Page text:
A historical excursion

Weil am Rhein, a large district town, seated in the border triangle Germany - France - Switzerland, was mentioned for the first time with the name “Willa” in a document of the monastery St. Gallen (Switzerland) on 27 February 786.

The former farming village at the east of today’s limit of land-mark was affected for centuries by agriculture, primary by the viticulture. The climatic conditions of the Upper Rhine region as well as the location of the village particularly advantaged this cultivation. The ascension of the village to a city essentially began with the development and the increasing importance of traffic in the 19th and 20th century. Thus it was probably the favourable traffic conditions, which helped Weil am Rhein to its origin. As the Roman emperor Trajanus built his “Black Forest Road” from Augusta Rauracorum (Kaiseraugst, Switzerland) to the southern Black Forest around 100 A.C., this army route led also from Grenzach and Riehen over Weil am Rhein and further to the Upper Rhine region. Farmsteads and so called “Meierhöfe” gradually developed along these “Roman Road”. One of these estates lay southern of today’s city quarter Haltingen towards the end of the first century A.C. In 1958, the remainders of an old roman house were found during construction works.

Probably the name “Weil” is also of roman origin. In 1246 the name was “Wile”, in 1298 “Wila”, in 1344 “Wil am Schlipfe” and in 1380 “Will”. Finally the name “Weil” resulted. It might also apply that Weil am Rhein belongs into the early development time between the 6th to the 8th century. In former times, a meanwhile disappeared settlement, the village “Leidikon”, lay between Weil am Rhein and Riehen (Switzerland) near the mill-pond. This place might have been integrated into the boundary of Weil am Rhein likewise “Ötlikon” (today’s city quarter Friedlingen), seated near the Rhin. Weil am Rhein had thereby expanded and put its boundaries up to the Rhine, which was the foundation-stone for an at that time unexpected development.

The accession of Baden to the "Badischer Zollverein" (German Customs Union) introduced the further progress of the village. In 1835 a customs station was established on the “Leopoldshöhe”, which controlled the old important route from Freiburg to Basel. It also formed the base for the further development of the Leopoldshöhe. The change from a village to a city however began with the progress of the railway network. Without this infrastructural advantage, Weil am Rhein would not be conceivable today. In the years 1851 to 1855 the "Großherzogtum Baden" (Grand Duchy Baden) built the railway line to Switzerland. Weil am Rhein got a railway station and extended at the same time considerably the urban road connections. In 1913 the marshalling yard was put into operation. After the end of the World War I the railway administration moved the domicile of some hundred officials from Basel to the newly built housing estate "Gartenstadt" on the Leopoldshöhe in Weil am Rhein. By these measures the number of inhabitants increased to far over the double, namely 6600 inhabitants. Meanwhile the city quarter Friedlingen began to grow as Swiss textile factories settled there.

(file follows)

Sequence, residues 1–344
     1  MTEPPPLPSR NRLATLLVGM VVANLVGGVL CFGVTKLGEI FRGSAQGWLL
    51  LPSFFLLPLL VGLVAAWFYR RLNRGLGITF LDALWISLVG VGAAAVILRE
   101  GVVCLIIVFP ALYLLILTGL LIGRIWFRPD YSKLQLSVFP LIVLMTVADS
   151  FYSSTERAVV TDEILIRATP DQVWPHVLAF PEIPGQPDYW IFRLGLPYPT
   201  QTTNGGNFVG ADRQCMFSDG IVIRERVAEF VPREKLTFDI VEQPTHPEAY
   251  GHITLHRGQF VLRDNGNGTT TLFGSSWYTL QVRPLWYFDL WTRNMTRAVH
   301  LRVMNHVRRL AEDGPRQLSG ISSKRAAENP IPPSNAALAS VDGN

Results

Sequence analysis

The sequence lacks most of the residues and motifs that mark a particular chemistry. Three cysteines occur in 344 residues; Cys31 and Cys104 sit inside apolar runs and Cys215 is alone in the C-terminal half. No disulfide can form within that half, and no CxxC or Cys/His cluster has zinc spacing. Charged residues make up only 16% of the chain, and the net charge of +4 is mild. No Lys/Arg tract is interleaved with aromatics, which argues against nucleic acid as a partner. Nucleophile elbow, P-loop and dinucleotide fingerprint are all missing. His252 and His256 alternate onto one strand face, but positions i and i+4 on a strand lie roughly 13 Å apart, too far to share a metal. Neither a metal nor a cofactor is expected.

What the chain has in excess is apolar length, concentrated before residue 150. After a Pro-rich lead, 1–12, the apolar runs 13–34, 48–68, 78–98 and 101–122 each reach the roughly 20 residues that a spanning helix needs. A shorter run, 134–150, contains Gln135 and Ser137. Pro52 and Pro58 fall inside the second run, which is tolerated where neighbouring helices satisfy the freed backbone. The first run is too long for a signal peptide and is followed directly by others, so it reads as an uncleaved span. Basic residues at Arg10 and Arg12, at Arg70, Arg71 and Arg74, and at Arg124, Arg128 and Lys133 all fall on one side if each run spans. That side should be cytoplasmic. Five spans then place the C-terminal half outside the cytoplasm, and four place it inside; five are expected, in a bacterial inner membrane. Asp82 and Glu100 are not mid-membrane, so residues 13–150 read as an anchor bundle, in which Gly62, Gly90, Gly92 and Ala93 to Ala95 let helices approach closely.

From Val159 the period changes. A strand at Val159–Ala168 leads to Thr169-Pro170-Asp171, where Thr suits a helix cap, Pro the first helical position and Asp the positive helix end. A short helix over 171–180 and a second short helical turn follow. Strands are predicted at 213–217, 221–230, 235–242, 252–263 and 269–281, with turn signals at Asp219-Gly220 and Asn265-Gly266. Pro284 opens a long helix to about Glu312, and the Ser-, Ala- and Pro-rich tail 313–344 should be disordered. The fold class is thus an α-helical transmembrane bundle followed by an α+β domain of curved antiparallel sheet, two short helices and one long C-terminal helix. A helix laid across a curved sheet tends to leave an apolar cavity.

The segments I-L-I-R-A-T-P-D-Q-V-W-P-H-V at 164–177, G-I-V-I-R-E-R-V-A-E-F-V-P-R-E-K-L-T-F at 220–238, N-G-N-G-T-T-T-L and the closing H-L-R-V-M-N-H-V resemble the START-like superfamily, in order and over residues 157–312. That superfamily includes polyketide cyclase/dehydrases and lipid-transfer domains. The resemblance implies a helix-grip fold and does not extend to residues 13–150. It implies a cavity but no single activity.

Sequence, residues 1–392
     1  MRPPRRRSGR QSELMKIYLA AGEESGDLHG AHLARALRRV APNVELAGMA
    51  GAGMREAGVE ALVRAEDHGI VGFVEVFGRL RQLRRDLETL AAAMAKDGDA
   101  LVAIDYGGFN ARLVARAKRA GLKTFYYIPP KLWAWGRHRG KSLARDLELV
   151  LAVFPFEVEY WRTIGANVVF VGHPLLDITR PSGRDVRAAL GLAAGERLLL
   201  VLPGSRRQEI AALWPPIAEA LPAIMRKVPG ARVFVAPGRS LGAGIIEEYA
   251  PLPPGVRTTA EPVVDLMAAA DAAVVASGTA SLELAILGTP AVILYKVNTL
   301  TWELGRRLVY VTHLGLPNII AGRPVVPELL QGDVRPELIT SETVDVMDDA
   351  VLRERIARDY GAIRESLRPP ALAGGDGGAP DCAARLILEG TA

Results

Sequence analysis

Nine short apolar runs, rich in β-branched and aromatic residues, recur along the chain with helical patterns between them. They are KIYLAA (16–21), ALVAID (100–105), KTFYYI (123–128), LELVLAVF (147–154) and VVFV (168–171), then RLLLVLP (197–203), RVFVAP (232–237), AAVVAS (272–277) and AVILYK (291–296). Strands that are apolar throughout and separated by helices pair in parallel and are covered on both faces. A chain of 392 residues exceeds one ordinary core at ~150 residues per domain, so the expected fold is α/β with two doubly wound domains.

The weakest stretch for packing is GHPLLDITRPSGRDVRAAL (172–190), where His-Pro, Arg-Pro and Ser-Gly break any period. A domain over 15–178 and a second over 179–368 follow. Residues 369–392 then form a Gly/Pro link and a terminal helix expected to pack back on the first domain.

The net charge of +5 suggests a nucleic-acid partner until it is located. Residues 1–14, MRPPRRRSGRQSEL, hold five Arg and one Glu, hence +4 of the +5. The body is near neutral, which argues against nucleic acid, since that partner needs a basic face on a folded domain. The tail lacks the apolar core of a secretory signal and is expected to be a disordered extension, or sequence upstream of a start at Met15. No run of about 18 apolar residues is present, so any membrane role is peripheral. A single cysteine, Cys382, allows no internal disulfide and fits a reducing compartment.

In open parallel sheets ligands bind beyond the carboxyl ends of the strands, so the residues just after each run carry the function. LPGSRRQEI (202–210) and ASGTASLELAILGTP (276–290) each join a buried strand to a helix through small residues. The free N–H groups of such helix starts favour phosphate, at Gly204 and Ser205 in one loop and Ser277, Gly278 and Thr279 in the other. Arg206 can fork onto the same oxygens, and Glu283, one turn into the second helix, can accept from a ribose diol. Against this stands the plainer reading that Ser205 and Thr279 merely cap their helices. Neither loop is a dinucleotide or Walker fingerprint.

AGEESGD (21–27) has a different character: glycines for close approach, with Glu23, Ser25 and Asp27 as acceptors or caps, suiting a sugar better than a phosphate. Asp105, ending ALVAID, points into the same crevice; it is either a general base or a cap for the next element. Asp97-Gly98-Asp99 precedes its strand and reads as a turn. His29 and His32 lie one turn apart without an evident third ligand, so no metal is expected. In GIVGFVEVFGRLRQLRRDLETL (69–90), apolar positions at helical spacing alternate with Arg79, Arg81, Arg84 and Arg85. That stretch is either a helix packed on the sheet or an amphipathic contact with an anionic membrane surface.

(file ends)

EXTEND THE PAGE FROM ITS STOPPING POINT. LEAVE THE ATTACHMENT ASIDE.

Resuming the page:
Mainly because of location advantages manufacturers from Basel decided to settle their companies in Friedlingen. Reasons were the Rhine as a shipping route (in 1934 the Rhine harbour was founded) and the numerous available workers. Nevertheless Friedlingen counted already 1204 inhabitants in 1928. On 16th August 1929 the Statedepartment of Baden finally lent the town the characteristic of a municipality and at the same time the official name “Weil am Rhein”.

Even after the political changes of 1933 the aim of town development remained the same: The relocation of the city centre to the area “Leopoldshöhe”. During World War II Weil am Rhein had to suffer numerous victims and partially large building damages. After war the population continued to grow rapidly. Because refugees settled down the number of inhabitants rose from about 9.000 in 1939 to approximately 19.000 in the year 1966.
The city with its four quarters (Altweil, Leopoldshöhe, Otterbach and Friedlingen) presented itself as a lively and pulsating community as early as the Sixties of the last century. Two federal highways, the B3 and the B317, lead through the city as large traffic veins. Today’s most important traffic routes should not be forgotten: the Rhine as shipping route and the federal motorway A5, which is connected to the Swiss motorway. Considering the increasing Europeanisation the trinational airport Basel-Mulhouse-Freiburg is another important factor within the region.